Shakespeare belonged to a patronage culture. Not only the poets and playwrights of his world relied on patronage, but also the patrons in their turn; one of Queen Elizabeth’s shrewdest maneuvers, as the historian Wallace MacCaffrey argued, was to make clear the monarchy’s role as a central power that controlled almost every resource that interested the upper classes. The range of positions that ultimately depended on her will extended down through the court, military command, the judiciary, church livings, the administration of royal lands, and the nation’s civil service, encompassing posts ‘varying in consequence… from the chancellorship of England down to a gunnership in the Tower of London’. It really was a world of gifts and fealty.
One example of a telling document from this culture is a 1604 pamphlet titled The Passions of the Mind in General, which proffers a remarkably long, bewilderingly detailed set of instructions on how to bestow and receive gifts. (The author organizes his discussion by more than a dozen categories that mark the circumstances of the gift: the greatness of the giver; strangeness in the giver; if the giver be our special friend; if the gift be exceeding dear unto the giver; the greatness of the gift in itself; if the gift tended to our great good or riddance from some great evil; if it be given with alacrity; if it were given by our enemies; if it were granted without suit or request, of the giver’s own accord; if the person by giving was endangered or damaged; and, for good measure, four circumstances more.)
In short, Shakespeare had reason to think deeply on matters of gratitude and ingratitude. In a patronage culture, these concepts were ripe for fetishization: for endowment with a special weight and meaning that seems to organize the natural world, or the moral universe, or human character. And this is where dogs come in. Dogs famously express great fealty to their masters, and seem unnatural when they do not. They are easy emblems of gratitude. By contrast, cats, for instance, are good companions, but they aren’t known for being grateful. Shakespeare works up sundry images of dogs as flatterers or ingrates, but this doesn’t mean he thought of dogs in such mean terms; only that dogs provided a good language for talking about gratitude and its perversions.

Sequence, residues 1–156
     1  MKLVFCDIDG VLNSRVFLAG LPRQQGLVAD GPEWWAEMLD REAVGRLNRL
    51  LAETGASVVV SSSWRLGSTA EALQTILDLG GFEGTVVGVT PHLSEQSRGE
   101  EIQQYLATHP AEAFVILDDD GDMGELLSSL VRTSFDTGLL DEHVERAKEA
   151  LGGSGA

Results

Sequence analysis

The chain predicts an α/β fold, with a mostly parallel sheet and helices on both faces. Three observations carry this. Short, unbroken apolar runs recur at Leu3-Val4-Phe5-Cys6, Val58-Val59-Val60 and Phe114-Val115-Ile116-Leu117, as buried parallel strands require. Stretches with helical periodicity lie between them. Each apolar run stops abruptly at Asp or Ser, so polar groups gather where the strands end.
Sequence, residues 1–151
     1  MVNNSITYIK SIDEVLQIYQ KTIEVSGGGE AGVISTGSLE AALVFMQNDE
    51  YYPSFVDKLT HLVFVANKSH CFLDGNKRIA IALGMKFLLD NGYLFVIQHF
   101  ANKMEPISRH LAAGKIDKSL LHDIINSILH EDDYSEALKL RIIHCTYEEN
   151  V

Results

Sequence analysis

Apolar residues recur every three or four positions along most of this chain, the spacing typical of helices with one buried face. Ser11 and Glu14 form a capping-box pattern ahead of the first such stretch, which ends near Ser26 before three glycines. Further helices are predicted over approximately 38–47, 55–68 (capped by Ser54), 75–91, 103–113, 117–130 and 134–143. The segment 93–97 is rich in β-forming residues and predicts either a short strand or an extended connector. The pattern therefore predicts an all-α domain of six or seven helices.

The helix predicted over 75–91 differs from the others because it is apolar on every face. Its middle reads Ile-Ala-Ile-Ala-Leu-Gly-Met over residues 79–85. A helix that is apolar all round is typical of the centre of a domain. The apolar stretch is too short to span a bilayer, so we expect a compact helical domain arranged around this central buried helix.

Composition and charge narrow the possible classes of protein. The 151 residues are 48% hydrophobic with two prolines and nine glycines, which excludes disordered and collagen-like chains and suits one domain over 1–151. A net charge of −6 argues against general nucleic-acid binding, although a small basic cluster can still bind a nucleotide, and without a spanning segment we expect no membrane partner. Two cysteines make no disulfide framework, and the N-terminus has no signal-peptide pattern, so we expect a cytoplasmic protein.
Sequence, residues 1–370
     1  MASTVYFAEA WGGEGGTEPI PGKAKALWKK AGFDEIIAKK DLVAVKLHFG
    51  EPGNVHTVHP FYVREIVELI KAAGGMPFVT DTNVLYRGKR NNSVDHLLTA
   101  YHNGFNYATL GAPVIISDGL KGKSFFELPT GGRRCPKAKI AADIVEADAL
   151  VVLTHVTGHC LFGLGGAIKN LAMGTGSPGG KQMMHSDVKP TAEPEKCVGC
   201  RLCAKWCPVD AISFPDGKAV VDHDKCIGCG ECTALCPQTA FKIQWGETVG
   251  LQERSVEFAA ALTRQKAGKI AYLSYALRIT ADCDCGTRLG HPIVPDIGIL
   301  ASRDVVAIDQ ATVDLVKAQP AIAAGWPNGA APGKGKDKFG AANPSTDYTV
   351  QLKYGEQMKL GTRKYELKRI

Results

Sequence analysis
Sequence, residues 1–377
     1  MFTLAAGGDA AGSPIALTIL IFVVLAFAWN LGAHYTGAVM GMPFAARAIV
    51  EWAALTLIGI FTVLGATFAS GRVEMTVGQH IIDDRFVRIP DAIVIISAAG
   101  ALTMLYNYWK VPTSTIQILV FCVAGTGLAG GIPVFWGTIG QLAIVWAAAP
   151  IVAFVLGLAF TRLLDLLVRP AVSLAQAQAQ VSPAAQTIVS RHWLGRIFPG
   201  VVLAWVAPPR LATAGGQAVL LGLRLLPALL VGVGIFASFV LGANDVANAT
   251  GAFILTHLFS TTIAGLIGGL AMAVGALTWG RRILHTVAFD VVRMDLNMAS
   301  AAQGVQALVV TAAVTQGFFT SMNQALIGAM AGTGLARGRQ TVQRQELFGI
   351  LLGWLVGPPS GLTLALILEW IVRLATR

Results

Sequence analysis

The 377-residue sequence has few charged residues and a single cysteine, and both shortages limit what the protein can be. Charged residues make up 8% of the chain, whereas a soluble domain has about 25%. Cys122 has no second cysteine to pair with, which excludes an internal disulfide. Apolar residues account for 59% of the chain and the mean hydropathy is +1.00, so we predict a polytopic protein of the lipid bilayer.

Of course, liking dogs or not liking them is a fetishized distinction in our own culture. (Shakespeare sounds callous when he refers to dogs as unwanted creatures, but in his place and time, they roamed free in the streets. In a world with neutering, fostering, and no-kill shelters, the description sounds even more like an insult.) We know that Shakespeare paid attention to dogs, and that he knew something about them; modern critics have sometimes used these revelations of proficiency as windows into Shakespeare’s character. (For example, the Victorian writer Walter Bagehot wrote of one such passage: ‘The man who wrote this was a judge of dogs, was an out-of-door sporting man, full of natural sensibility…’ In other words, a dog person is outdoorsy, jovial, capable, a practitioner rather than a theorist; if Shakespeare was a dog person, then he must have been these other things.)
But the most we can definitely know about his thoughts is that he reflected on the values of his patronage culture, a culture dependent on patron-client relationships and fealty, and saw dogs as useful emblems because they exemplified those values. In a saying from Shakespeare’s time that he gives (with slight abridgment) to one of his characters: ‘Brag and Hold-Fast are both good dogs, but Hold-Fast is better.’
Thanks for information and advice go to Benedict Robinson, Associate Professor of English at SUNY Stony Brook.